Archive for The New York Times

the Grisha trilogy [book review]

Posted in Books, Kids with tags , , , , , , , , on July 3, 2016 by xi'an

And yet another series [suggested by Amazon] I chose at random after reading the summary… The Grisha trilogy was written by Leigh Bardugo and is told by Alina Starkov, a teenage orphan from the fantasy land of Ravka [sounds like Russia, doesn’t it?!] who suddenly discovers powers she did not suspect when fighting supernatural forces. And embarks on a bleak adventure with her childhood friend to safe their country from dark forces. A rather standard trope for the fantasy literature.. The books read well, in a light sense (or mind candy variety, to borrow from the Three-Toed Sloth blog) if addictive. I went over the first one, Shadow and Bone, within a travel day to München and back. Certainly not a major trilogy. And still, those books attracted massive and enthusiastic reviews (one for each book, from different young readers) in The Guardian! And another one in the NYT, nothing less… The explanation is that what I did not get before starting the trilogy [but started suspecting well into the first volume] this is a young adult (or teenager) series. Or even a children’s book, according to The Guardian! So do not expect any level of subtlety or elaborate plots or clever connections with our own world history. Even the Russian environment is caricaturesque with an annoying flow of kvas and tea and caftans. One character is closely related to Rasputin, the ruling family reminds me of the Romanovs, old and grumpy babushkas pop in now and then, the heroes hunt a firebird, &tc.  And still the addiction operates to some level. [Try at your own risk and give the books to younger readers if it does not work!]

a fixation on food [U.S. airports survival guide]

Posted in Kids, Travel, Wines with tags , , , , , , , on January 30, 2016 by xi'an

In connection with the big snow storm of last weekend in the U.S. North-East, The New York Time published an airport survival guide that includes a comprehensive Best Dining section on each major airport. Sections that I find somewhat hilarious in turning what is just the thing to avoid (why would you need food before sitting in a plane for several hours?!) into a hype! Here are some particularly crunchy and savoury quotes (and a mention of the brewery that makes the famous Fat Tire!):

“Less healthy but perhaps more popular, Garrett Popcorn Shops, also in 2 and 3, specialize in the Garrett Mix, a blend of cheese and caramel popcorn.”

“At B Gates, Elway’s steakhouse is popular for its burger as well as Colorado-raised steaks, and New Belgium Hub serves microbrews from the Fort Collins brewer.”

“There is a strong Cuban accent in Miami’s airport restaurants, beginning with four Café Versailles, branches of the Little Havana landmark.”

“At its culinary rival, Terminal D, Bisoux will box your croque monsieurs and other bistro fare to go.”

(with the last one managing to stuff two French grammar mistakes in one line).

Will Winter ever come?!

Posted in Books, Kids, pictures with tags , , , , , , on January 16, 2016 by xi'an

Just read in my Sunday morning New York Times that George R.R. Martin had no clear idea when the sixth volume of a Song of Ice and Fire will be published. Not a major surprise given the sluggish pace of publishing the previous volumes, but I thought maybe working on the scenario for the TV Series Game of Thrones would have helped towards this completion. Apparently, it just had the opposite effect! While, as Neil Gaiman once put it in the most possible delicate way, “George Martin is not your bitch” and,  writers being writers, they are free to write when and whatever they feel like writing, there is this lingering worry that the sad story of the Wheel of Time is going to happen all over again. That the author will never end up the series and that the editor will ask another fantasy author to take over. Just as Brandon Sanderson did after Robert Jordan died. Thus I was musing over my tea and baguette whether a reverse strategy wasn’t better, namely to hire help now just to … help. Maybe in the guise of assistants sketching scenes for primary drafts that the author could revise or of an artificial intelligence system that could (deep) learn how to write like George Martin out of a sketchy plot. Artificial writing software is obviously getting against the very notion of an author writing a book, however it is plausible that by learning the style of this very author, it could produce early versions that would speed up the writing, while being tolerable by the author. Maybe. And maybe not. Winter is simply coming at its own pace…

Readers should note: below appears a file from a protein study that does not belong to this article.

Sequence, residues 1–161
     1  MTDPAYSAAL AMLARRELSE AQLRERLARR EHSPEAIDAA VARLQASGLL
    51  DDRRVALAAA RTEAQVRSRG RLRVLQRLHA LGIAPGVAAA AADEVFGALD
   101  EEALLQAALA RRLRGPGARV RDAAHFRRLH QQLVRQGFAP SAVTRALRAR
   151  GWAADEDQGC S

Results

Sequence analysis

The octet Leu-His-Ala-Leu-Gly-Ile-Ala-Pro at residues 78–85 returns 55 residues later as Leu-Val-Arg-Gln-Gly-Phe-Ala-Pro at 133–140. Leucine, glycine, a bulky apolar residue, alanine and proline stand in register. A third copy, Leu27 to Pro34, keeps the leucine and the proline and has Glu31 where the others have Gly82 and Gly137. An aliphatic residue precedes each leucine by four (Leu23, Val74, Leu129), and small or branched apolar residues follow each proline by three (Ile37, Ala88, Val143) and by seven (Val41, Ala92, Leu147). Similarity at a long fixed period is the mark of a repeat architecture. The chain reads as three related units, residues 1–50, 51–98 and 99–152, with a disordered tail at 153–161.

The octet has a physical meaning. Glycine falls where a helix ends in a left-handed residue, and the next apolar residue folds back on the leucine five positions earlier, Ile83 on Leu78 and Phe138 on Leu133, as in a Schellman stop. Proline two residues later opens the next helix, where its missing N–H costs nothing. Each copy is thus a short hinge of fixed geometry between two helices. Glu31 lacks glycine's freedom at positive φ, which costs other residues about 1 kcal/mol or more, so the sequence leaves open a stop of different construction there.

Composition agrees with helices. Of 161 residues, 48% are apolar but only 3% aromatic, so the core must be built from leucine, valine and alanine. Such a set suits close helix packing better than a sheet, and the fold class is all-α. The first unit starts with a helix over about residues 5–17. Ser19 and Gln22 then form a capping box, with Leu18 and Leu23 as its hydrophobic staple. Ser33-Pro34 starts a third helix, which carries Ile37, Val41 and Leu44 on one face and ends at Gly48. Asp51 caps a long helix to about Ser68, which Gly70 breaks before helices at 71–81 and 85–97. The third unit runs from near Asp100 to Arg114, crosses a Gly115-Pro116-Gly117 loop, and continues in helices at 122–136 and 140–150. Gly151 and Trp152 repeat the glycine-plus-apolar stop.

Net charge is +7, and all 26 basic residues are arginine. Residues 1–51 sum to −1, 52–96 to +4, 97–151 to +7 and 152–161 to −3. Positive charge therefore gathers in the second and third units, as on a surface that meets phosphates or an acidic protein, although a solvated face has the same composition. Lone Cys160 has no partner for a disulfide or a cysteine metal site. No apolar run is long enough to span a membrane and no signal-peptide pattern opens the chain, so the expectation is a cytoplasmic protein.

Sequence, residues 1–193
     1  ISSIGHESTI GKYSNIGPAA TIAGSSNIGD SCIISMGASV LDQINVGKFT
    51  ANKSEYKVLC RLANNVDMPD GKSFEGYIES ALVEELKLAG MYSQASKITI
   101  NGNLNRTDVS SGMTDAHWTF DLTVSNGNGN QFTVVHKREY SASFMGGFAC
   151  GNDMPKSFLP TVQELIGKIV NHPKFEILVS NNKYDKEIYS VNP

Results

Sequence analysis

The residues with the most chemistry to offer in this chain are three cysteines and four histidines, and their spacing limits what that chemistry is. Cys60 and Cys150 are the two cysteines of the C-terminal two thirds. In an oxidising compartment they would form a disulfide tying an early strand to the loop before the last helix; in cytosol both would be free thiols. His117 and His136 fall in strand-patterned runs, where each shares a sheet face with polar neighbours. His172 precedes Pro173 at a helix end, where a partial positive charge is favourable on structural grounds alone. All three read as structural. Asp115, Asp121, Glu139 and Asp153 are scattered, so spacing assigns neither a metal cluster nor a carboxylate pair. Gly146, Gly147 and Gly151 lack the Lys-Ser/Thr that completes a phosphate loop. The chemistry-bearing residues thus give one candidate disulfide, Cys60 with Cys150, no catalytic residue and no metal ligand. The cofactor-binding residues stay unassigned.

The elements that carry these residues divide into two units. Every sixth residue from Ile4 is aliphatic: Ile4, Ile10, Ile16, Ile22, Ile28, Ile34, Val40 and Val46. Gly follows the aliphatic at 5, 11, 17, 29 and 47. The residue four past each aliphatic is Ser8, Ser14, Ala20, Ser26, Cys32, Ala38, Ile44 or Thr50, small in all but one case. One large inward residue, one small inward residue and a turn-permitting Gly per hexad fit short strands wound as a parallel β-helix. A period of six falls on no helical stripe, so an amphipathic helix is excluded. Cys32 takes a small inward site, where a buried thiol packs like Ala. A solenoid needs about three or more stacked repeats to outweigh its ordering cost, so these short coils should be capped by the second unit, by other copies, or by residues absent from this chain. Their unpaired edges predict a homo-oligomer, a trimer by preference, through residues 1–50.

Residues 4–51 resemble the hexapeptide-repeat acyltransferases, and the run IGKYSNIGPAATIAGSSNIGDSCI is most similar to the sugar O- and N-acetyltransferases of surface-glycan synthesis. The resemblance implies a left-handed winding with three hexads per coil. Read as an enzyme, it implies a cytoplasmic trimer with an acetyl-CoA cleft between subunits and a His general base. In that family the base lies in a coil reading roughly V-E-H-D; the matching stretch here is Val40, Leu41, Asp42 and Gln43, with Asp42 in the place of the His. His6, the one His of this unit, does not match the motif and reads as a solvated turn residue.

graphics for the New York City marathon

Posted in Running with tags , , on November 1, 2015 by xi'an

Central Park, New York, Sep. 25, 2011As the first runners are starting the race in Staten Island, here are six graphics published in the NYT about the NYC marathon, pointed out to me by my friend Darren. The first one is a great moving histogram that I cannot reproduce here, following the four batches of runners. And the unbearably slow last runner! The second graph is an almost linear increase in the number of women running the race (which, by extrapolation, means that the NYC marathon will be an all-female race by 2068!). The third graph is a square version of a pie chart, which shows that the second largest contingent after the US runners is made of French runners (7%), way above Canadian runners (2.7%). The fifth graph shows spikes in the age repartition of the runners, at 30, 40, 50, and 60: since it is unlikely to be a reporting bias, unless id’s are not controlled when registering, which would be strange given the awards are distributed by five year block age groups, this may be due to people making a big case of changing decade by running the marathon or by runners who take advantage a new age group to aim for the podium. The latest explanation is very unlikely as it would only apply to elite runners and as it should also induce a spike at 35, 45, etc. (Incidentally, I checked the winner’s time in my category, 55-60, and last year a Frenchman won in 2:48:19, which means I would have to run at about the speed of my latest half-marathon to achieve this speed…) The last graph is also quite interesting as it follows the winning times for male and female runners against the current world record across years, showing that the route is not the most appropriate to break the record, in contrast with Berlin where several records got broken.